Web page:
Budget Size: In my first big company role after my startup had been acquired I inherited a budget that was about 10 times the budget I had at the startup. I was pretty sure I was going to achieve total world domination with that big fat budget. What happened instead was that 30% of my money went to fund overall company branding efforts not specifically related to my product, 10% went to fund a group-level set of campaigns, another 10% went to local geography regions (who could opt-out of focusing their efforts on my product), and 20% went to pay for very expensive outside services companies who made sure my graphics and copywriting were up to big company standards. With the 30% left over I could only choose from a menu of “approved” tactics. Non-menu items required further approval (and a super-human level of patience). “My budget” was big but it wasn’t really mine. At the startup I came from on the other hand, I didn’t have a lot of cash but whatever was there was applied directly to building pipeline for my product, and doing it quickly as well.

Brand Recognition – Yes, sure the bigger companies that have been around a while and have invested a bundle to make sure prospects know they exist will have much more brand recognition than your little startup. But what people believe about a brand is often a snapshot of it’s history and not a view of where the company wants to (or wishes it could) go. I worked at a large company that was attempting to make the switch from premise-based software to SaaS and it wasn’t pretty. Everyone knew who we were. But as we attempted to change, that brand awareness was a ball and chain that anchored us to the past. That experience convinced me that the only thing worse than being unknown was being known for the wrong thing.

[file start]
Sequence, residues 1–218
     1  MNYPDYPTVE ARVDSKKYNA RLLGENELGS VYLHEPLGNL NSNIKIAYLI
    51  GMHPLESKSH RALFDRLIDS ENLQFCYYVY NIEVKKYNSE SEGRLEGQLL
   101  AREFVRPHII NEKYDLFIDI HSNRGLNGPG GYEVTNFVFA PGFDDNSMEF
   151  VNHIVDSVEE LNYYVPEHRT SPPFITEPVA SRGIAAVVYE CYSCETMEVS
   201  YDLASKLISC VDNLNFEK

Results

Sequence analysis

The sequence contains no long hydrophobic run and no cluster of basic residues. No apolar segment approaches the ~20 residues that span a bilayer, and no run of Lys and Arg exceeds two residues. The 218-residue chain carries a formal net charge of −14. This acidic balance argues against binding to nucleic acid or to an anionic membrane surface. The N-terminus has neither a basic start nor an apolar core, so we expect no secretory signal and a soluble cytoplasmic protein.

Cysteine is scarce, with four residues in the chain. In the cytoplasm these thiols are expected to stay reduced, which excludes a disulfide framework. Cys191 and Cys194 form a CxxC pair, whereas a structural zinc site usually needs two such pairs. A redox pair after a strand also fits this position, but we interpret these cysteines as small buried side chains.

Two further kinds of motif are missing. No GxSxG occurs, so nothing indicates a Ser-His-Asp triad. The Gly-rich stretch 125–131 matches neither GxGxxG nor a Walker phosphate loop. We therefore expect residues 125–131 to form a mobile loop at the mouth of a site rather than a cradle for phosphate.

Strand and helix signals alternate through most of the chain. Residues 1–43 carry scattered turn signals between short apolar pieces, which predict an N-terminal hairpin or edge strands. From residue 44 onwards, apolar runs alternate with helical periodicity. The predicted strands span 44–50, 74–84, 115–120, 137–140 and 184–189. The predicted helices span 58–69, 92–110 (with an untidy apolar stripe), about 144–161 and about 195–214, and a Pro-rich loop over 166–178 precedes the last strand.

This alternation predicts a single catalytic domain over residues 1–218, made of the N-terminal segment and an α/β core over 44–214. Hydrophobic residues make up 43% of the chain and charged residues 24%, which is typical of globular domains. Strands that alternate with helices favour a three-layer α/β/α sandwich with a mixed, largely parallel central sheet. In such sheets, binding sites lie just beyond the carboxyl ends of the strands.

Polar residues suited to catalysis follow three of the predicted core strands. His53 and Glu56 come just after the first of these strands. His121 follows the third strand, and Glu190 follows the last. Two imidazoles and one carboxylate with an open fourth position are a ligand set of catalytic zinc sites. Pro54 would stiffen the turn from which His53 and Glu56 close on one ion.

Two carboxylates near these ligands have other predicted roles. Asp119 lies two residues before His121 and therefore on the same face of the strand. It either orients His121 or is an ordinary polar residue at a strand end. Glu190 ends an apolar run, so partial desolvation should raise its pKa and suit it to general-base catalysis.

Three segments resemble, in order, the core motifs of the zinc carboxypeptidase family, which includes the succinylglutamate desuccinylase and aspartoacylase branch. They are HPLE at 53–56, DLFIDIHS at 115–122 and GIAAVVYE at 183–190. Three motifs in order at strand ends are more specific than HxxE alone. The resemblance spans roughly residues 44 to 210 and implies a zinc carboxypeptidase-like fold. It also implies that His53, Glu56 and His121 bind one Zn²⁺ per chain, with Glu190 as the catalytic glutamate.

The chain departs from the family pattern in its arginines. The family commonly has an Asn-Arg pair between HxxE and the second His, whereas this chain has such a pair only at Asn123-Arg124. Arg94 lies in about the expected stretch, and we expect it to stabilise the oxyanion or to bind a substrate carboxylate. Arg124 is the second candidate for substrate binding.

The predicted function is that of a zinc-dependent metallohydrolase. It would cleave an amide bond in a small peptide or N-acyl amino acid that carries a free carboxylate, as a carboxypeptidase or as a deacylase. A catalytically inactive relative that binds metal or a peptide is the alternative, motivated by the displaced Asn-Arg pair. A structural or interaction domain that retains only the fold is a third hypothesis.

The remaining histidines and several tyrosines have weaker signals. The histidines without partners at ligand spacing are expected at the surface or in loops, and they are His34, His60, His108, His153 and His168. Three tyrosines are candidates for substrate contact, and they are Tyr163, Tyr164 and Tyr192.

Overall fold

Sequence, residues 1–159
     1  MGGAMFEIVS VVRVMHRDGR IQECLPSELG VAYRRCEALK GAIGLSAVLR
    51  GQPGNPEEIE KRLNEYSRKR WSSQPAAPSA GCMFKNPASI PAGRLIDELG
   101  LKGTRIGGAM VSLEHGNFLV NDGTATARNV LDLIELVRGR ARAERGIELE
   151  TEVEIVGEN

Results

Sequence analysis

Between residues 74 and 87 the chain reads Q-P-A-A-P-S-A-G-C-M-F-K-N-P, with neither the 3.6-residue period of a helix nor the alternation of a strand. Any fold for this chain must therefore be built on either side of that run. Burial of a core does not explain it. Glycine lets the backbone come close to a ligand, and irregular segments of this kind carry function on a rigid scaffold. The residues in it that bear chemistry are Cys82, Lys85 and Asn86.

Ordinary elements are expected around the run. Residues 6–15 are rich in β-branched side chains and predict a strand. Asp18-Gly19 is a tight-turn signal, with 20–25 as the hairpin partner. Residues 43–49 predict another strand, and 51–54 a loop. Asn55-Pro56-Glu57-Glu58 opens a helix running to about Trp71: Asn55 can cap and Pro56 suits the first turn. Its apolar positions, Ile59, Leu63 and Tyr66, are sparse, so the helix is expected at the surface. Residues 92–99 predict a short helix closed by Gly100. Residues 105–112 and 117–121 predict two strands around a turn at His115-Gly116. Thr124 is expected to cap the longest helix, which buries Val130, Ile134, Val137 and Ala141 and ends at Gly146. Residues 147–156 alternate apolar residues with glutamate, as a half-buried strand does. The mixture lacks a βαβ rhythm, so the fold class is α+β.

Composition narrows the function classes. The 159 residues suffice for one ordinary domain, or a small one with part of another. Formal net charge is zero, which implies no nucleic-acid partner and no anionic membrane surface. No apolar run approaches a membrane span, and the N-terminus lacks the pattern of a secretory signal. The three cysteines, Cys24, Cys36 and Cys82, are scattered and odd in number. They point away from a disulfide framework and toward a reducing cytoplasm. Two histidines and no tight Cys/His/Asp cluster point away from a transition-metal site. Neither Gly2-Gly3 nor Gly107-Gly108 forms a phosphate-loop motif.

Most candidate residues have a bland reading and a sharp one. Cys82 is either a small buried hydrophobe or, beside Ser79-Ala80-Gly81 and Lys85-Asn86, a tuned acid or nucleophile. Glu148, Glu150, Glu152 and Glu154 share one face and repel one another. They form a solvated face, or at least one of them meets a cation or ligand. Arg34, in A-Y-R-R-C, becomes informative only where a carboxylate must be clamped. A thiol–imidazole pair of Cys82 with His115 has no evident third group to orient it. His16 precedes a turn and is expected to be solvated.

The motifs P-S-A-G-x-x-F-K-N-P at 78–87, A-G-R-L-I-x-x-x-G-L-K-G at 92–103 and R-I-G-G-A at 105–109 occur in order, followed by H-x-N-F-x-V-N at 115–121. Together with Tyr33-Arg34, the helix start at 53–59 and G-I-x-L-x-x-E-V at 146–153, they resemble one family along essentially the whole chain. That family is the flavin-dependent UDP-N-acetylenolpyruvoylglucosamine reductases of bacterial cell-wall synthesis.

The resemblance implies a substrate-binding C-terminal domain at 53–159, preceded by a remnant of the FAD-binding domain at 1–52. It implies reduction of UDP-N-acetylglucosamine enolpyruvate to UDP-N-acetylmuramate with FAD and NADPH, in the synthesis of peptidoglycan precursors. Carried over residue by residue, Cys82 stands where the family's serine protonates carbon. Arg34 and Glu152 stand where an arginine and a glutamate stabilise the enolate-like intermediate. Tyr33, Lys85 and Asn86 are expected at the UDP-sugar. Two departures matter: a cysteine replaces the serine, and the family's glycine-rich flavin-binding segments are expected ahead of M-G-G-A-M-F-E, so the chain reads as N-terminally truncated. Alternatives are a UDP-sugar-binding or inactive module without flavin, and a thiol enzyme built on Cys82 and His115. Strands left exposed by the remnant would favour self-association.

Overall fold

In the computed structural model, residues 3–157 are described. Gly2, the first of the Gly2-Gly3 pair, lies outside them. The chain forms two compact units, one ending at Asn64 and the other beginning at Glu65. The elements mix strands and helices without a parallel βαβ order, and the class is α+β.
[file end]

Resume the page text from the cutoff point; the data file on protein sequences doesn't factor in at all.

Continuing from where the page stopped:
Big Customer Base, Big Sales Ecosystem – An interesting side effect of scaling sales and distribution is that executives and marketers become increasingly separated from the customers and prospects they sell to. Startups and smaller teams selling directly into a market will have both a more direct line of communication to prospects and customers as well as deeper relationships with them. This allows a startup to see a change or opportunity in a market long before a bigger company gets a whiff that it’s happening.